How to Avoid and Remedy Excessive Tannin Staining on Your Home’s Exterior Cedar Siding
Cedar siding is an excellent choice for a home’s exterior. Cedar is beautiful, durable, and naturally resists decay. When properly maintained, cedar siding can last for decades. A common problem that homeowners have with cedar siding, however, is extractive bleeding or tannin staining.
Many species of wood contain tannins, including cedar and redwood. These water soluble extractives have a tendency to migrate or bleed to the surface of the wood, causing discoloration to the coating. This natural phenomenon is not caused by the coating itself.
There are several precautions which need to be taken in order to minimize extractive bleeding, but it will usually occur to some extent in about the first year after the wood has been painted.
Causes of Cedar Bleeding
The primary cause for tannins to bleed to the substrate’s exterior is moisture. There are actually several reasons for cedar paneling to become badly stained due to tannins:
• The cedar needs to be properly cured. If the wood does not have a moisture content of 15% or lower before it is treated, problems will arise with excessive staining.
• The surface of the cedar must be adequately primed and sealed; this includes all edges and cut ends.
• The primer used must be tannin-stain-resistant.
• If either the flashing or water infiltration prevention is inadequate, excess moisture could get behind the siding and cause a greater amount of staining.
• If a bluish-black stain appears where the nails are, what has happened is that the wrong nail type has been used. For cedar siding, it’s essential to use nails that are either stainless steel or hot dipped galvanized.
Solutions for Extractive Bleeding
The good news is that there are ways to remove or hide the staining and prevent the problem from continuing. Some or all of the following steps may apply:
• Determine whether there are any issues creating excess moisture and correct them.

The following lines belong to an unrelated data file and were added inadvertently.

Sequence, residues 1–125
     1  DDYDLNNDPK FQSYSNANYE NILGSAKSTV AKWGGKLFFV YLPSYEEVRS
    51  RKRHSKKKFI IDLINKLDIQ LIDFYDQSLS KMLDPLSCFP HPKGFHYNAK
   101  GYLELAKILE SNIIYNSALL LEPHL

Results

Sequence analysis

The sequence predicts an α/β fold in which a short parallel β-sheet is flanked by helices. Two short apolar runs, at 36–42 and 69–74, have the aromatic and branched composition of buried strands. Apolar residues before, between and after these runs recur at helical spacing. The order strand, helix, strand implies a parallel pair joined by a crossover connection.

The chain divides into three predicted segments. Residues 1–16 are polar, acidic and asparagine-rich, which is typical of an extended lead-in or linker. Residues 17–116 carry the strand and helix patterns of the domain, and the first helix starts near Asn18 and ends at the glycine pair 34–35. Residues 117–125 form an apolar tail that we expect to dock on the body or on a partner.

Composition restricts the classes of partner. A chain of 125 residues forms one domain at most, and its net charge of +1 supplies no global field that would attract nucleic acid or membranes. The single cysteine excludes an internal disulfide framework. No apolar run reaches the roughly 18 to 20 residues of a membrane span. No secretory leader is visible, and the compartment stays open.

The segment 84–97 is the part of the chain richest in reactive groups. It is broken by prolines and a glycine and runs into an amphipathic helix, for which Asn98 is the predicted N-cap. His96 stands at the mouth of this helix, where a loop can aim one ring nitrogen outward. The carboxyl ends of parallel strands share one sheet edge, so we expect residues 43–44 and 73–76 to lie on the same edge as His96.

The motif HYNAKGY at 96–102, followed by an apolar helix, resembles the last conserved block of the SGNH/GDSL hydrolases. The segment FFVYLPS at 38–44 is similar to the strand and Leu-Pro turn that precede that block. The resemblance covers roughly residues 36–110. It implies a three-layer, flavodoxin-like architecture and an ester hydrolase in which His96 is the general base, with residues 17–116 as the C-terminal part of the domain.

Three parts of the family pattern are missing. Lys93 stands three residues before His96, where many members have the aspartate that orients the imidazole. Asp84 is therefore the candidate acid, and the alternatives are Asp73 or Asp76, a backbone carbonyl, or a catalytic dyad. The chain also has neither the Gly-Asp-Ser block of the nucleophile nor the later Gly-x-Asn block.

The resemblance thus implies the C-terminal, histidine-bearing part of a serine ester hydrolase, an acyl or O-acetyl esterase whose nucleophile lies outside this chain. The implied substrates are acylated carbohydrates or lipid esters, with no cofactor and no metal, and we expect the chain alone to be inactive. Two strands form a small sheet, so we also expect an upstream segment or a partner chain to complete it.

• Use a scraper or wire brush to remove all loose paint.
• Use oxalic acid or oxalic-based solution to remove the stains.
• Rinse the wood with a pressure washer.
• Give the surface at least 48 hours to dry thoroughly. Weather conditions determine how long the drying time takes.
• Using a top-quality wood primer that’s designed specifically for stain-blocking, prime the wood. You can either spot prime or apply full coverage. Apply primer to the edges and ends. The shingles should have been primed on the back before being installed.
• If there is severe staining, it’s best to apply a second coat of primer.
• Allow the primer to dry before applying high-quality paint.
• The paint you use should not be water-based latex stain or paint, since these products use water as carriers. These types of paint can create problems with extractive discoloration.
• If you are dealing with nail staining, the best course of action may be to replace the nails, to avoid further staining of the wood. But another strategy is to countersink each of the nails and swab the holes with top-quality water repellant. Then allow the repellant to dry and fill each hole with exterior wood filler.
The methods for avoiding and removing tannin staining can get complicated and confusing if you are not experienced in this type of work. To make sure the staining is done correctly the first time or to fix existing problems, allow our professional home maintenance staff to help you with any cedar bleeding and tanning staining issues that you may have.
Franklin Painting LLC – Call us Toll Free at 877-646-7774
or at our main office number 860-678-7701
2 Eastview Drive, Farmington, CT 06032